Routes on the lower crag (routes listed from upstream end to downstream end; please note that "lower" refers to the height, not the position as in upstream or downstream):
Humidor (5.8)-- considered one of the best the area has to offer; pictured on this page; please click for details.
Slick Wille (5.10+)
Ken's Crack (5.6)-- This 35' route may not be hard enough or long enough to justify roping up and is probably too hard for most people who like a little free soloing, but just left of the namesake crack is an easier Class 5 crack that climbs almost as as high and leaves a Class 3/4 finish.
Routes on the upper crag (Class 3 scrambling required to get up to the base; routes are only 25-30' but are close enough where the same toprope setup clould be used for three and maybe even all four):
Center Dihedral (5.3)
Left face (5.4)
As mentioned before, there are a lot of bouldering opportunities here, and scramblers can find several ways up and around ranging from Class 3 to easy Class 5.
Some notes about climbing at Great Falls: Most people toprope the routes, but the ratings are based on lead conditions, so topropers may think some routes are easier than their ratings suggest.
The climbs at Great Falls are short ones, but they are not sport routes. Most old bolts have been removed, and it is illegal to alter the rock by drilling or other means. Toproping is the predominant style here, but many routes are leadable. The rule at Great Falls: if you can't lead it with natural gear, toprope it just as everyone else does. This is the local ethic and was before the Park Service tightened rules about bolting and altering the rock.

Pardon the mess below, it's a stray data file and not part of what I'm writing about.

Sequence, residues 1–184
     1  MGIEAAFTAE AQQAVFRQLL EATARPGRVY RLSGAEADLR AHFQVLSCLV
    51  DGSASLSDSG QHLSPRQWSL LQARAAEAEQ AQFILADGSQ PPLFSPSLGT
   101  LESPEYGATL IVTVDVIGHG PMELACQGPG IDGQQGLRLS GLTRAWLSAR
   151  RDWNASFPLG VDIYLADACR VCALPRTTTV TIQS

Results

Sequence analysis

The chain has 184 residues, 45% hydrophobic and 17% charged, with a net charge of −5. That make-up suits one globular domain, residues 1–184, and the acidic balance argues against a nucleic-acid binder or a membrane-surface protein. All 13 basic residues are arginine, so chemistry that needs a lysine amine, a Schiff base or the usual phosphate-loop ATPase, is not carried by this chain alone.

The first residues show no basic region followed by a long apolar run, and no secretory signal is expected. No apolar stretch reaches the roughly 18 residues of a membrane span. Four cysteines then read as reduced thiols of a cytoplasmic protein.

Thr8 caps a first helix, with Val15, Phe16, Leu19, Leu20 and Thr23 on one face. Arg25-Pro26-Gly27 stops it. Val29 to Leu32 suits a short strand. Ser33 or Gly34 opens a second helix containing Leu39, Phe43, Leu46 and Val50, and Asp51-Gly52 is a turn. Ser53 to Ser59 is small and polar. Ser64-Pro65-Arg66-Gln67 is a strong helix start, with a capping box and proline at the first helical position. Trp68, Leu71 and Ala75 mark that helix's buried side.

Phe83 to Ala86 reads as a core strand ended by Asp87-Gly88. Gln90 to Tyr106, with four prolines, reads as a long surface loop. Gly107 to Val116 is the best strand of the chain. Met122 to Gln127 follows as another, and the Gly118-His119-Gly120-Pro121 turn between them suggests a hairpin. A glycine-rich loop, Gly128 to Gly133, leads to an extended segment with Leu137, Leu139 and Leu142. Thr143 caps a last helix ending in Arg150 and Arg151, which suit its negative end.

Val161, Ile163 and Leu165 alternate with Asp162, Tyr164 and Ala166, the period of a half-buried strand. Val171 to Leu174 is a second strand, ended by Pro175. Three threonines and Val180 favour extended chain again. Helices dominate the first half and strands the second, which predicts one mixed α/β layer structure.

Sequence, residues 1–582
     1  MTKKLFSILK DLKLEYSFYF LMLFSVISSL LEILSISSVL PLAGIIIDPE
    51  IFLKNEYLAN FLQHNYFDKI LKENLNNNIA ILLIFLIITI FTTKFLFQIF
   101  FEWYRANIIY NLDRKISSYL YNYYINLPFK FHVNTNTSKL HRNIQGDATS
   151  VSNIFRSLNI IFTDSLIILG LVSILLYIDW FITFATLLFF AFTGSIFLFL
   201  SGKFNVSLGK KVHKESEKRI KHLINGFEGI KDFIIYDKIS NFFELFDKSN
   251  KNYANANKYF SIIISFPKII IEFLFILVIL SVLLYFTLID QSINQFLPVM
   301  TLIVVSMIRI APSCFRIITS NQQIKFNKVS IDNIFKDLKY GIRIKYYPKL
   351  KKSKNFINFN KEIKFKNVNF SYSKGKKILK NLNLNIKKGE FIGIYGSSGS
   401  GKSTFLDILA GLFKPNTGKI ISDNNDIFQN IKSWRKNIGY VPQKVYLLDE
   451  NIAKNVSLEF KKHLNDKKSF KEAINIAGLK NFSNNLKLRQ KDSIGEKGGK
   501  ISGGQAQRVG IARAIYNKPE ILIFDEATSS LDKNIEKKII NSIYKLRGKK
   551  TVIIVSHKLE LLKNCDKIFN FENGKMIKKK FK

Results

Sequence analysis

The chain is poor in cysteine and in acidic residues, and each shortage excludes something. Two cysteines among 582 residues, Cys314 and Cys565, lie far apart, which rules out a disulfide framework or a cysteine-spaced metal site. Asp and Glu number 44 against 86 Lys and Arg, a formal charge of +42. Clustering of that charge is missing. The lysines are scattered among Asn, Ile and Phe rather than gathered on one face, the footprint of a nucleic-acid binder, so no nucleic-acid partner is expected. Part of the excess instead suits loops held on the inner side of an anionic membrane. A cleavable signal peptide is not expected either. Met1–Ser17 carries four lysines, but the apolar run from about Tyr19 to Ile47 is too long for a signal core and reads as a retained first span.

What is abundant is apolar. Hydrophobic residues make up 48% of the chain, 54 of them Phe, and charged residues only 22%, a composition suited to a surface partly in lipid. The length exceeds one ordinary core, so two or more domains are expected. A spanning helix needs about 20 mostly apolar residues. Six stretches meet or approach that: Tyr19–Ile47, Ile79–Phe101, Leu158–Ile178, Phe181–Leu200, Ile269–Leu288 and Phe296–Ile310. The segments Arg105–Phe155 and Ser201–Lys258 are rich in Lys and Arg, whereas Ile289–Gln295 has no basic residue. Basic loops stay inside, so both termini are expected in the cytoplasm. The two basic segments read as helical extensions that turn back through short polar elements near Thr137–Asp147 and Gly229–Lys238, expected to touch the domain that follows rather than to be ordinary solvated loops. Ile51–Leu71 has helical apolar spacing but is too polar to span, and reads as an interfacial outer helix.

From the western part of I-495, a piece of the Capital Beltway, take Exit 44 for Route 193, Georgetown Pike; this is the second exit south of the Maryland border. Drive west for a few miles until you see the well-signed road leading to Great Falls Park. Turn right and follow the road about a mile to the entrance station. Enter and take an immediate right to reach a large parking area used by most climbers and boaters here; this is commonly called the Lower Lot since it is downhill from the entrance station. Don't expect to find a parking spot here after 10 on a nice weekend day.